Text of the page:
Breast Cancer, Male: Risk Factors

Approved by the Cancer.Net Editorial Board, 12/2022

ON THIS PAGE: You will find out more about the factors that increase the chance of developing breast cancer. Use the menu to see other pages.

What are the risk factors for male breast cancer?

A risk factor is anything that increases a person’s chance of developing cancer. Although risk factors often influence the risk of developing cancer, most do not directly cause cancer. Some people with several risk factors never develop cancer, while others with no known risk factors do. Knowing your risk factors and talking about them with your doctor may help you make more informed lifestyle and health care choices.

Most breast cancers are sporadic, meaning they develop from damage to a person’s genes that occurs by chance after they are born. This means there is no risk of passing this damage on to a person's children.

Inherited breast cancers are less common, making up 5% to 10% of all breast cancers. They occur when gene changes called mutations or alterations are passed down within a family from generation to generation (see below). In general, a person’s average risk for breast cancer is very low. The following factors can raise a person's risk of breast cancer:

  • Family history of breast disease or presence of a genetic mutation. With male breast cancer, about 1 out of 5 patients has a family history of the disease. They may have inherited a mutation in the BRCA1 or BRCA2 genes or other genes, such as CHEK2 and PALB2, which can increase their risk for breast cancer. Having a BRCA2 gene mutation brings a 7 in 100 chance of developing male breast cancer, while a BRCA1 gene mutation brings a 1 in 100 chance of developing male breast cancer. According to recommendations from ASCO and jointly from ASCO and the Society of Surgical Oncology (SSO), after a diagnosis of male breast cancer, patients should be offered genetic counseling and genetic testing for BRCA1 and BRCA2 and other inherited cancer risk genes. This testing should be offered whether or not there is a family history of breast cancer. Learn more about BRCA gene mutations and hereditary breast cancer risk in a separate article on this website.

  • Age. The average age for a male breast cancer diagnosis is 65.

  • Elevated estrogen levels. Certain diseases, conditions, or treatments can increase the levels of female hormones such as estrogen, which contributes to the development of breast cancer.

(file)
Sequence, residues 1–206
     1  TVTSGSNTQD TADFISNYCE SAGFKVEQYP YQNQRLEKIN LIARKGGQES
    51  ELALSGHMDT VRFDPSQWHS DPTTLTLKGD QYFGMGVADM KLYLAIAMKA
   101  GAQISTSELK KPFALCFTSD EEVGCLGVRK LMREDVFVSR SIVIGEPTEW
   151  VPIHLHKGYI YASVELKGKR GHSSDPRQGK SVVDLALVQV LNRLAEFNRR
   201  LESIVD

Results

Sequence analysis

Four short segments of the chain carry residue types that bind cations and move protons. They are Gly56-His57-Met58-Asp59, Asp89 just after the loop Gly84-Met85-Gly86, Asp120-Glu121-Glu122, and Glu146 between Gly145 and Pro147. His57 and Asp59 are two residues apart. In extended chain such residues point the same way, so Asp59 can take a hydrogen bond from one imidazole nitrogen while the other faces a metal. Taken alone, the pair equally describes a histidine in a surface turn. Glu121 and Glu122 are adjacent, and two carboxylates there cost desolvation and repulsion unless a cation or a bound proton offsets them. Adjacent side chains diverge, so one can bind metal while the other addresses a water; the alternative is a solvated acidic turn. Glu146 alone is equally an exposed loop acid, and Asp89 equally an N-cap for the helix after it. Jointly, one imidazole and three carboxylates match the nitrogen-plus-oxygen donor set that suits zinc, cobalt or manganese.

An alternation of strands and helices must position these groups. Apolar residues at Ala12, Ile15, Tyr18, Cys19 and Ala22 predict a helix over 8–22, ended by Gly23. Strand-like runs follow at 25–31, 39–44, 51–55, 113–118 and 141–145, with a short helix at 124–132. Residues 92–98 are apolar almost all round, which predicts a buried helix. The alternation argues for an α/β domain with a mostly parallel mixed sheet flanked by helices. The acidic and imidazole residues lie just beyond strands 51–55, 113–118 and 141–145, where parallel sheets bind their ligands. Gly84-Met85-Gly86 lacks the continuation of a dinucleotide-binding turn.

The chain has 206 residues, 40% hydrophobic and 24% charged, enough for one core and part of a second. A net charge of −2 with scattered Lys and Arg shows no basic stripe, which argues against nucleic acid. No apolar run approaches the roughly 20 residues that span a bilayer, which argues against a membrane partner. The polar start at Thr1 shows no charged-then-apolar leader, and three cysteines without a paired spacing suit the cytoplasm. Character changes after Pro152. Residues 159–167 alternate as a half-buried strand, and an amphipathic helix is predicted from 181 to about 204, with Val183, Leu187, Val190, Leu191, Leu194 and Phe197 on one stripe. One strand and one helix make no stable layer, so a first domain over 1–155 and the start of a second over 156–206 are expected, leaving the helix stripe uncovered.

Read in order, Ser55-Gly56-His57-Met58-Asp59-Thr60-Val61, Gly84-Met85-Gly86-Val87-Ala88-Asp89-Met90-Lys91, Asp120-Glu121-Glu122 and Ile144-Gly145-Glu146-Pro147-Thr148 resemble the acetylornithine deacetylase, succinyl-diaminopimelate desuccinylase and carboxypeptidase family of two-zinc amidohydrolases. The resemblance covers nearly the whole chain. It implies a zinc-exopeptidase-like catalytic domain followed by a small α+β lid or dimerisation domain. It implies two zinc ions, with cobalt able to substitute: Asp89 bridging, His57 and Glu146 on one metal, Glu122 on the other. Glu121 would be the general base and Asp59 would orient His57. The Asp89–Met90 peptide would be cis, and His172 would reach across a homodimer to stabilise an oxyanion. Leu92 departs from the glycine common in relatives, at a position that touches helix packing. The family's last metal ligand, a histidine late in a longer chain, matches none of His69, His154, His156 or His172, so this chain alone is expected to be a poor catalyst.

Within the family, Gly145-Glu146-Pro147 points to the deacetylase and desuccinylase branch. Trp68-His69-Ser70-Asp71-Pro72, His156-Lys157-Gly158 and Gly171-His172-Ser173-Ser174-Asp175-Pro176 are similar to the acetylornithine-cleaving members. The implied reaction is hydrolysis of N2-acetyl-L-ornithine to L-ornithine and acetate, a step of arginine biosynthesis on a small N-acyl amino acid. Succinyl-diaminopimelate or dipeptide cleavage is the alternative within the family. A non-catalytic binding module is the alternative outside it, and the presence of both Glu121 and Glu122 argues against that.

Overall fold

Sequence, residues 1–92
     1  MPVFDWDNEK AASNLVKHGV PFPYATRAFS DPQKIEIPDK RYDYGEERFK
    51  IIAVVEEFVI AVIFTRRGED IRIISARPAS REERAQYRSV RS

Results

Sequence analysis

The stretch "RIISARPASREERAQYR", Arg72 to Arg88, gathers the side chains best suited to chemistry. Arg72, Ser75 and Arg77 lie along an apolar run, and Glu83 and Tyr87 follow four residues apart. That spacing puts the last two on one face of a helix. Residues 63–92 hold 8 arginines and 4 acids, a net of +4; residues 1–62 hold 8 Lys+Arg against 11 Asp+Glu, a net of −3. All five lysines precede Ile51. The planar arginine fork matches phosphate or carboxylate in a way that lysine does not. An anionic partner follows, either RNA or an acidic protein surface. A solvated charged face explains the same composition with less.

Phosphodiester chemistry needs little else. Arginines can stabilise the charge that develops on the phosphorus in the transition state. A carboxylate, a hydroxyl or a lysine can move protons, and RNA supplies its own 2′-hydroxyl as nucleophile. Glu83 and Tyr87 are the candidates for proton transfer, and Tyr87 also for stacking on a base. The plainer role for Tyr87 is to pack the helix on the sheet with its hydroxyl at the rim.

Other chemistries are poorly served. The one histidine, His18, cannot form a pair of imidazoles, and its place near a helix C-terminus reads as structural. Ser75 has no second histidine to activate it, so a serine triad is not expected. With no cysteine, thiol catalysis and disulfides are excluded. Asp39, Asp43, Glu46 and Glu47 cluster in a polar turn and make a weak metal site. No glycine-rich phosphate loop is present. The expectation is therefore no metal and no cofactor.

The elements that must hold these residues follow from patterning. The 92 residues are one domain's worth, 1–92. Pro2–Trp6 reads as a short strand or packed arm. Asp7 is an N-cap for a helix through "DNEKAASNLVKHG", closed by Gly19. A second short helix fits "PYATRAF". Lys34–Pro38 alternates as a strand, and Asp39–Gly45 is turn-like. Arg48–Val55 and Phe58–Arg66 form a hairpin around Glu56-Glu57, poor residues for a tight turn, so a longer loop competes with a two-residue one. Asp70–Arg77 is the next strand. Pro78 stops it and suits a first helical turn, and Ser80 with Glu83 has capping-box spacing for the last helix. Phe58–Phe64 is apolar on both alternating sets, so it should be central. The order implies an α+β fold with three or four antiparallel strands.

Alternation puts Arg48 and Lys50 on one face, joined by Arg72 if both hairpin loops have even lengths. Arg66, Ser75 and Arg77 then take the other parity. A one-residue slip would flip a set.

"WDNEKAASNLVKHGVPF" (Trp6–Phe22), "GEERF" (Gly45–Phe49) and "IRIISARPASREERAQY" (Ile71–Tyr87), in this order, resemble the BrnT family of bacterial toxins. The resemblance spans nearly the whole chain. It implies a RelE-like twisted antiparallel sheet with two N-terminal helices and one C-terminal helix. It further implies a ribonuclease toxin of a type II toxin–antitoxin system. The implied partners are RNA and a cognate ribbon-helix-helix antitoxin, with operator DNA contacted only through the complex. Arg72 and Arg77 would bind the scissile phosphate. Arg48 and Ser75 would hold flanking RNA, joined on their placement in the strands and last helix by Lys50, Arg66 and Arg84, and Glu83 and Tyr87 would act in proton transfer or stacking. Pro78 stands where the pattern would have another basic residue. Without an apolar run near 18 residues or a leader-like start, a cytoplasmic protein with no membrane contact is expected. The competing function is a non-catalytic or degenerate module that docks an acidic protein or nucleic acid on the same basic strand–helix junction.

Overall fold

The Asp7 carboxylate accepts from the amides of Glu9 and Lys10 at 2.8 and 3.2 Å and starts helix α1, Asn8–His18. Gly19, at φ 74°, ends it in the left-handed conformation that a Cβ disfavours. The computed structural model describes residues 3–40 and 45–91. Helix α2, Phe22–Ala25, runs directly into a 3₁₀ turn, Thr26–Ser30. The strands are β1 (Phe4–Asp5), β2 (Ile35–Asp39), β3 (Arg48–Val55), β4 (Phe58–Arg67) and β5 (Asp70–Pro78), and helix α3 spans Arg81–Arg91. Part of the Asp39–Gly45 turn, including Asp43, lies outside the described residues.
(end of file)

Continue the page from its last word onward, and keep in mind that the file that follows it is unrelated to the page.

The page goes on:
• Klinefelter’s syndrome is a rare genetic condition in which a male is born with an extra X chromosome. This syndrome may bring an increased risk of breast cancer because they have higher levels of estrogen and lower levels of male hormones called androgens.

    • Liver disease, such as cirrhosis, can change hormone levels and cause lower levels of androgens and higher levels of estrogens.

    • Low doses of estrogen-related drugs that are given for the treatment of prostate cancer may slightly increase the risk of male breast cancer.

  • Lifestyle factors. As with other types of cancer, research continues to show that various lifestyle factors may contribute to the development of breast cancer.

    • Being obese or even overweight increases the risk of breast cancer.

    • Lack of exercise may increase the risk of breast cancer because exercise lowers hormone levels, alters metabolism, and boosts the immune system. Increased physical activity is associated with a decreased risk of developing breast cancer.

    • Drinking 2 or more alcoholic drinks per day may raise the risk of breast cancer. However, this risk factor has not been studied specifically for male breast cancer.

The next section in this guide is Screening. It explains how tests may find cancer before signs or symptoms appear. Use the menu to choose a different section to read in this guide.